Why your company and economy matters to your career

By Scot Herrick | Job Search

Oct 07

Every time I put up one of those posts that talks about the bigger picture (say, of a company, or the economy), there is a little voice inside that says, “This isn’t really about career management; get back on topic.” And since the economy, via the market, has pretty much been imploding lately, that voice has gotten stronger.

This weekend, I thought long and hard about what really constitutes “career management.” If you look around at many of the career management blogs, read career management books and listen around the water cooler, your company and economy doesn’t come across as relating to your career.

I think your company and, to a lesser extent, the economy, do have a significant impact on your career and how you can manage it. Let’s examine the economy first.

The economy limits your career choices

At a macro level, when the economy is tanking as it is now, there is less ability to move in a corporation or between companies. It’s tougher to change careers.

The economy also sets a tone. When the Dow drops 777 points in one day and is down another 600 points at one point in another day, rational corporate executives have to ask themselves how prepared their company is for bad times. Even if they don’t see bad times for their own company, they start to question whether or not the company should start being more fiscally conservative. Start looking harder at projects. Start paring back on budgets. It is perfectly understandable that if there is a meltdown going on next to you, you need to ask when the meltdown will get to you.

Your company limits or expands your career choices

If your company is doing well, there are more opportunities to get bigger projects, more responsibility, move to different departments and make more money.

If your company is not doing well, you run a higher risk of being laid off. You work more on the status quo because there are no projects to work. Your ability to accomplish goals is reduced along with your ability to learn new job skills. All of that reduces your opportunity. And job skills plus performance is the foundation of your career because skills and performance gives you opportunity.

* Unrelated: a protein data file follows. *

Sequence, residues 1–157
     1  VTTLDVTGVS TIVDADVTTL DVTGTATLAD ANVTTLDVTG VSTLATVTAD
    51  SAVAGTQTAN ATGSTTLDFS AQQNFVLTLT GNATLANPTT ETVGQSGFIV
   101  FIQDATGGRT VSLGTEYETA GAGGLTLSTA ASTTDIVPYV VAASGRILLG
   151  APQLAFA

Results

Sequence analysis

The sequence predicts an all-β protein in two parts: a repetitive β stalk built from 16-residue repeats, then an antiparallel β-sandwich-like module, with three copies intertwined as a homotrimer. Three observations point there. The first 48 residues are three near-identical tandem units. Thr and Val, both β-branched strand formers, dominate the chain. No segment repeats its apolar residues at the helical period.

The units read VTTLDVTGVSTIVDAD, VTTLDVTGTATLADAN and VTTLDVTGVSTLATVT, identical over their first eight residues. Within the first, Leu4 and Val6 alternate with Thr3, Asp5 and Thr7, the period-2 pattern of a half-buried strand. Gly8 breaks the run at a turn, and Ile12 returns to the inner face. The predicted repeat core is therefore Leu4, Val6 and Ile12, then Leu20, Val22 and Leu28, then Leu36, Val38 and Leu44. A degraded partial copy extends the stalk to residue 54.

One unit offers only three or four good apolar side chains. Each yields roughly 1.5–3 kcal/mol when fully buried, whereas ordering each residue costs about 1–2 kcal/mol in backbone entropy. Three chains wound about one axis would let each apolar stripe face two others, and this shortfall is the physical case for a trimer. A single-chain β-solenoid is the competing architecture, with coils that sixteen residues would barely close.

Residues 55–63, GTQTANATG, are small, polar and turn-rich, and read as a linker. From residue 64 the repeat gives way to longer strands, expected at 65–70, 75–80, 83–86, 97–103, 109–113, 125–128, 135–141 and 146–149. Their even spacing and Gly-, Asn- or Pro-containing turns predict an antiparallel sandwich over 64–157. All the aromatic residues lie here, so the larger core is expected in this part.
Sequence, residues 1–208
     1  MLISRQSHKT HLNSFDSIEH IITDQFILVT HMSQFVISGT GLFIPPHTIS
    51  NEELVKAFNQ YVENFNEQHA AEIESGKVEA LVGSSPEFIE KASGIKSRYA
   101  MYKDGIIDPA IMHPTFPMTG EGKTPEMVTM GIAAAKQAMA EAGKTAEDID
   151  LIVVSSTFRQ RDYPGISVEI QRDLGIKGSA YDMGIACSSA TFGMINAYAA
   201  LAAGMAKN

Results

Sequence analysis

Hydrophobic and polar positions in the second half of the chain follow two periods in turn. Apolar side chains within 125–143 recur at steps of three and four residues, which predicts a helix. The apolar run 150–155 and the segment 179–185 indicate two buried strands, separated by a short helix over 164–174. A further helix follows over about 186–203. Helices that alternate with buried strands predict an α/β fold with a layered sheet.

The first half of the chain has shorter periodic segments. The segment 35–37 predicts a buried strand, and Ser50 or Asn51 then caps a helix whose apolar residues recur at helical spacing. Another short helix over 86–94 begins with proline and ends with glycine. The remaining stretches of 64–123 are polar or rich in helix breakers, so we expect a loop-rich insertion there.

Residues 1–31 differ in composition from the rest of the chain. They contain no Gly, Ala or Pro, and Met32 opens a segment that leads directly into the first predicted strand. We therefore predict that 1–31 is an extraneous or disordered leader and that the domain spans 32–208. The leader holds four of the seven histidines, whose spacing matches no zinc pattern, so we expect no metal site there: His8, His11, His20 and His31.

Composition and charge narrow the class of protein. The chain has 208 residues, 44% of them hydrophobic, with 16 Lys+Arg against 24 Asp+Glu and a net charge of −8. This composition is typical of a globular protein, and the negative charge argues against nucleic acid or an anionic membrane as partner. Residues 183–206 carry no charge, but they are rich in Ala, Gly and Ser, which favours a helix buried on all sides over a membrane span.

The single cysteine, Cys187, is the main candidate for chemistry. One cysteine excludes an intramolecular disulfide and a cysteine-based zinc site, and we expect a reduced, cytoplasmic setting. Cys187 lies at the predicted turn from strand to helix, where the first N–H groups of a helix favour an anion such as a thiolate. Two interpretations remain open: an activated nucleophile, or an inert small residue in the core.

You have most control of your career in your company

There are many people who unconsciously separate their “job” and their “career.” Sure, the job might be part of your career, but managing your career is something done outside of the work you do on your job.

That’s dangerous.

What you have most control over in your career is the work you doing right now. In the company and the job you are in. Want to expand your job skills? You have to start with the base of skills you have right now in your job. Want to improve your performance? You do that right now in the company you are in. You want to change to a different career? That starts with transferring your skills from the job and company you are now in.

Your work in the company gives you the best opportunity to gain new skills. Your work right now determines your performance rating that makes you desirable to other managers. Your accomplishments right now in your work determine how far you can take your career.

Understanding how your company is doing is critical to your career because where you are right now is the constraint you need to work on to make your career better.

When you are working on your career, don’t be fooled by the limitations of what makes up “career management.” It’s not just resumes, finding the next position or dancing to avoid a layoff. Managing your career is everything that affects the cubicle and that’s why I look at the whole picture.

Do you separate “career management” from your work?

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About the Author

Scot Herrick is the author of “I’ve Landed My Dream Job–Now What???” and owner of Cube Rules, LLC. Scot has a long history of management and individual contribution in multiple Fortune 100 corporations.

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